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Posted: Mon Aug 06, 2018 4:42 pm
Hi. As mentioned before I look after my mum who had a stroke 3 year ago. She has been back home for 3 weeks after a week spell in hospital with a skin infection. The district nurses were visiting daily, but now on Mondays Wednesdays and Fridays as things are improving. There is a small scar which is being a devil and in an awkward position (left buttock). The skin specialist visited this afternoon and is happy with the situation. The specialist is referring to an ot if any equipment/something could help.ok to an extent and the specialist said I was doing a good job, but had to mention safeguarding if mum and I refuse any help. Mum is deemed to have nearly full mental capacity and can clearly make her point of view.I have tried to look up safeguarding, but totally baffled. The skin specialist is fully aware that mum wants to stay at home and with me as full time carer, which I am happy to do. Any advice re safeguarding, I would be appreciative, thank you.
Posted: Mon Aug 06, 2018 7:58 pm
From your point of view, I think it would be helpful to "cover yourself" and keep a care diary.
You need to try and do everything and evidence that you have done so to avoid the pressure areas getting worse. I would record in your diary everything that is related such as phone calls you make to dr's surgery, conversations you have with district nurses and dates they come in, record every time you apply creams and which creams. Record frequency of changing incontinence pads if you help with this. If your mum is immobile and you encourage her to turn or take a short walk then record that too. It is just gathering a whole load of evidence to proove that you are aware of the dangers and doing all you can to prevent them. Professionals get on their high horse over pressure sores as they can lead to infection or ulcers which can be life threatening not to mention very expensive to treat. Just make sure you are one step ahead.
Posted: Mon Aug 06, 2018 8:45 pm
I would say, too, try and develop a friendly and appreciative attitude towards the officials, rather than defensive and 'shirty' etc etc!
If you 'ask their advice' (but not to the extent that they can say you are totally ignorant and 'unfit to care'), and get them to 'check up'....eg, 'Can you tell me if this is right? I'm not an expert , so thank you so much for your 'expert view'' etc etc. Refer to their expertise with gratitude and appreciation!
It's not quite 'sucking up' to them, but it is defininitely about 'keeping them onside' and 'not putting backs up', etc etc.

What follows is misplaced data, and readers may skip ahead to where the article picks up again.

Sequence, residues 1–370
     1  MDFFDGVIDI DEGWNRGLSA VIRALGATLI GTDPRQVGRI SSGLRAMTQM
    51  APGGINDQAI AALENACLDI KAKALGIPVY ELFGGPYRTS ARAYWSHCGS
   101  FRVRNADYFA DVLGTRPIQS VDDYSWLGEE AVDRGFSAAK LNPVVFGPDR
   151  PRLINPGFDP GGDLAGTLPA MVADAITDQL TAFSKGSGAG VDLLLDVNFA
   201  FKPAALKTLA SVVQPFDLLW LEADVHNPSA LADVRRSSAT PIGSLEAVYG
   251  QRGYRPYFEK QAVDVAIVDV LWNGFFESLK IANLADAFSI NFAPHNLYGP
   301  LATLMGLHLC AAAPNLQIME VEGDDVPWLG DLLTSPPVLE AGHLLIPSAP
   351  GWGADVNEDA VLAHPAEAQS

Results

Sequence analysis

Could you take 'daily photos' do you think on your phone or whatever (poor mum - daily shots of her rear end, sigh, but there you go!) to monitor what is happening.
Try and be welcoming when they arrive, and thank them for coming, and say how reassuring it is, how diligent they are, etc etc. Chat away and 'bond' etc. This is, as salesmen know, called 'building a relationship' so that the potential buyer thinks you are 'nice and friendly' and is so more likely to buy from you. Don't overdo it, as it can backfire!!!!
Posted: Fri Aug 17, 2018 3:36 pm
Hi. Thank you both Henrietta and Jenny for your responses, most grateful thank you. I thought I would post a brief update. The district nurses now visit Mondays and Thursdays as things are progressing well.The skin viability nurse made a job visit on Thursday (a different one this time) and was happy how mum is and the whole situation.No mention of safeguarding at all. And was happy with all the notes I write. The problematic left buttock is better, just a case of changing commodesand the nurse happy there is no pressure sore. So hopefully a couple of weeks togo. Thank you for your advice.
Posted: Fri Aug 17, 2018 3:37 pm
That meant to say a joint visit
Posted: Fri Aug 17, 2018 4:15 pm
Thanks for the update, glad your mum is improvong- keep up the note taking with dates, it really pays dividends from time to time.
Posted: Tue Oct 09, 2018 10:21 am
Hi. Thankfully, at last, mum will be soon discharged by the district nurses team, probably in the next couple of weeks. I will ask them the next time they will visit, but in anybodys experience, do they come say every 4 weeks just to see how she is? Eg check blood pressure, temperature etc. I realise that they have limited resources, staffing issues etc, but it would be appreciative if there was that back up, just in case. Thank you
Posted: Tue Oct 09, 2018 11:22 am
I think it varies hugely depending on why they are visiting but if they have "discharged" a patient, I would think they have finished visiting completely unless called back again by yourself or GP for a new or recurring health condition.
Posted: Tue Oct 09, 2018 11:33 am
Yes indeed. Thank you Henrietta
Posted: Tue Oct 09, 2018 7:57 pm
I'm glad she's being discharged, but I think it would be sensible for you to go on 'monitoring' the situation with her - ie, taking notes, taking photos etc. That way you can more easily spot any 'slippage' and also of course you have 'proof' to show when the nurses DO come back.
It's always best to alert 'early' with concerns, rather than wait until things get bad again.
I'm glad your relationship with the nurses improved, and they realised, hopefully, that they can trust you to be responsible!!!
All the best to you both - Jenny